the plan or location kept them to himself, that no one could even make a
guess as to who would get the prizes.

"We have found some merit in all the plans," said Mr. Plint, who was the
chairman of the committee. "We agreed that it was a tremendous
undertaking for young gentlemen under twenty to plan a wharf and a
building, and it was hardly to be expected that a single one of their
efforts would be acceptable. But all have had the benefit of the thought
and study the subject has given them, and the unsuccessful ones may reap
a harvest in the future from it of a thousandfold more value than the
prizes.

"We are unanimous in our conclusion, and we come to the award without
any doubt or hesitation. It is no discredit to the students to say that
the plans to which the prizes were awarded were the only ones which were
practicable. In some the building was twice as large as necessary, with
a large portion of the space within it wasted. In others it would cost a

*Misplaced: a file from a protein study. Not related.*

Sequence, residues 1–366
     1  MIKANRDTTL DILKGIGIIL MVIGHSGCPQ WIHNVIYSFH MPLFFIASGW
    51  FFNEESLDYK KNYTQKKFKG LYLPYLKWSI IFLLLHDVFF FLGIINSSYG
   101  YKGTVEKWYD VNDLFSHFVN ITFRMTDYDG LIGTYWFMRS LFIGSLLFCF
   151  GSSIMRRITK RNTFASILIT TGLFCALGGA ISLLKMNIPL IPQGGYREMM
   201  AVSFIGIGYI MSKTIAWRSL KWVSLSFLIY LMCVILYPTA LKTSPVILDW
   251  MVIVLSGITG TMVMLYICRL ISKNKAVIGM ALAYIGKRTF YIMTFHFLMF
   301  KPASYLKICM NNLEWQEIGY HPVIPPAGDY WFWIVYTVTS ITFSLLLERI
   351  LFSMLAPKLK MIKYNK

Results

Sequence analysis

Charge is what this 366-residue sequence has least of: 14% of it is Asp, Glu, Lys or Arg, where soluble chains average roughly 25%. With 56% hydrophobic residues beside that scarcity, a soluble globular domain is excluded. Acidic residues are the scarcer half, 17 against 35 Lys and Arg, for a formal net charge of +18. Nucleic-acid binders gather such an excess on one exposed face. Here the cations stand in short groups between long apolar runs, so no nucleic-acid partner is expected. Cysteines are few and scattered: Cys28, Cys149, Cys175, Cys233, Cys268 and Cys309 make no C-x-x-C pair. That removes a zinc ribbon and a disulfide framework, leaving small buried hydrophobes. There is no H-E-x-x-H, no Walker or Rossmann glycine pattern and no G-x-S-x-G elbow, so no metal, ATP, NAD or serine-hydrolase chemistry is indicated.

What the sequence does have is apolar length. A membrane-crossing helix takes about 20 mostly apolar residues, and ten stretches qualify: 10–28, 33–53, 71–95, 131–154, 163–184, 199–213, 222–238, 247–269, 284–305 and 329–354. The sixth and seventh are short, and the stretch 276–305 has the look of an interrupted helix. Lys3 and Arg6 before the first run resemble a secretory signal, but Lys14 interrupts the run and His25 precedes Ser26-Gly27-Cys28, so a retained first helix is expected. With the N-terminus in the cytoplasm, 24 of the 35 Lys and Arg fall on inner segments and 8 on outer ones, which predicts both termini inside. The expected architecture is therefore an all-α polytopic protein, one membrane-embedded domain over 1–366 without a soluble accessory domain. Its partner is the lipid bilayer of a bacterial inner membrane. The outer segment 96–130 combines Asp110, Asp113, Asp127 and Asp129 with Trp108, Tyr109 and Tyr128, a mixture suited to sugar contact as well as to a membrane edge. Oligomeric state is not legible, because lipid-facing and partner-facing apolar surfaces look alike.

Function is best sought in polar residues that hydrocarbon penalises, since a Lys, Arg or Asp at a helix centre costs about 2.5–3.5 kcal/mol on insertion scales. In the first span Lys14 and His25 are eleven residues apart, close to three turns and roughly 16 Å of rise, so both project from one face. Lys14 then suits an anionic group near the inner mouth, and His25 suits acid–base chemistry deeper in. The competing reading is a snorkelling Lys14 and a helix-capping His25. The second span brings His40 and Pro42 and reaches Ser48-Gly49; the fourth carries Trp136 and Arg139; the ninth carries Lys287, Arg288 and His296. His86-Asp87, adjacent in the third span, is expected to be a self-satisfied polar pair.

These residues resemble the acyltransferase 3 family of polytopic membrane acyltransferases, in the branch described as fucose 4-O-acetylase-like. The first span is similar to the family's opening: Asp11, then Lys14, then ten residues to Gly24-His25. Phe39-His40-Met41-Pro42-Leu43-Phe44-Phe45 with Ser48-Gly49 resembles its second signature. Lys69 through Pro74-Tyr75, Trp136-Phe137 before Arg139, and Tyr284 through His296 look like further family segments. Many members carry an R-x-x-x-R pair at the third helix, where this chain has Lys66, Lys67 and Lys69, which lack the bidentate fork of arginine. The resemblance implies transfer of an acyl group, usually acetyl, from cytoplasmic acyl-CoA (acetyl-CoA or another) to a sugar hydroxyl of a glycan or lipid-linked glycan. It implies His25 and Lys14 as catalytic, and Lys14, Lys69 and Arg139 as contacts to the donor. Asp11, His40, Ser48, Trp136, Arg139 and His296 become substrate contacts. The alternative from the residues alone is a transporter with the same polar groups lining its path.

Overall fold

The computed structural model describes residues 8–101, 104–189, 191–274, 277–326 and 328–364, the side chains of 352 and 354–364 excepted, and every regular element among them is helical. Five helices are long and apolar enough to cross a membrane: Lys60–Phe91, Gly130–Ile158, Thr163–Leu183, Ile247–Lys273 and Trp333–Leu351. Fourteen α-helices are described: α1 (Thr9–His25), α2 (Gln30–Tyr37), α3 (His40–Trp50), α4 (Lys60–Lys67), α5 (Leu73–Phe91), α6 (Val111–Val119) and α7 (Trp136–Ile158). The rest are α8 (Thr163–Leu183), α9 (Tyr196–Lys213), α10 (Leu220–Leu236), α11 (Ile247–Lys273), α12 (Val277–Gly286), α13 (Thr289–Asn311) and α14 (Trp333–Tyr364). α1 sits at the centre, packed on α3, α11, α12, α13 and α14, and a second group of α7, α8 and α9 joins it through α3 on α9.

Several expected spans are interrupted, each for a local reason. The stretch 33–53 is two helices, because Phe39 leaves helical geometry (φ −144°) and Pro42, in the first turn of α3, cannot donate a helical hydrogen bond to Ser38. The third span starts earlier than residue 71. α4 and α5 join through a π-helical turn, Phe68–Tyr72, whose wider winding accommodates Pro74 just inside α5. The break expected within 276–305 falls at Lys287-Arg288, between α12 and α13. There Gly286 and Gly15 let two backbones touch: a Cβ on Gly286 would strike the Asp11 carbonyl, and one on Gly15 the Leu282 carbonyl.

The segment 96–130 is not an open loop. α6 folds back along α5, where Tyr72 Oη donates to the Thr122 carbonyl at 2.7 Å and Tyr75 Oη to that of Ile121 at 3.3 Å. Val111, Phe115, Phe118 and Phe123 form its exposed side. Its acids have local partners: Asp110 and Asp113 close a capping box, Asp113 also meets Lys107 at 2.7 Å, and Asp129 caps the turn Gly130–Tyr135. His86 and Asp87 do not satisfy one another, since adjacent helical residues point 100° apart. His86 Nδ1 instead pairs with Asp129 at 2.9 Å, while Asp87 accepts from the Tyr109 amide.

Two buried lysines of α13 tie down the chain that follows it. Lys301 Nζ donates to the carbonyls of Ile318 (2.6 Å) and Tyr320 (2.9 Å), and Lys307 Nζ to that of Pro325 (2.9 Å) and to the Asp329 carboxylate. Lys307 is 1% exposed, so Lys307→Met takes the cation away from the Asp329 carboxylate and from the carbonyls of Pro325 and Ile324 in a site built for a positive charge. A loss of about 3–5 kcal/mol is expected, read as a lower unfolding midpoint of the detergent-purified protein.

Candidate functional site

million dollars to carry out the ideas of the competitor.

"In one it would be impossible for the steamer to come up to the wharf
without backing on a stern-line. One did not put a single window in his
building, even for the hall; and another supplied no stairs by which the
second story could be reached. In one instance, the dressing-rooms could
only be reached by going up stairs, and passing through the hall.

"But some of the plans which contain the greatest defects also include
some of the most meritorious features. The successful plan for the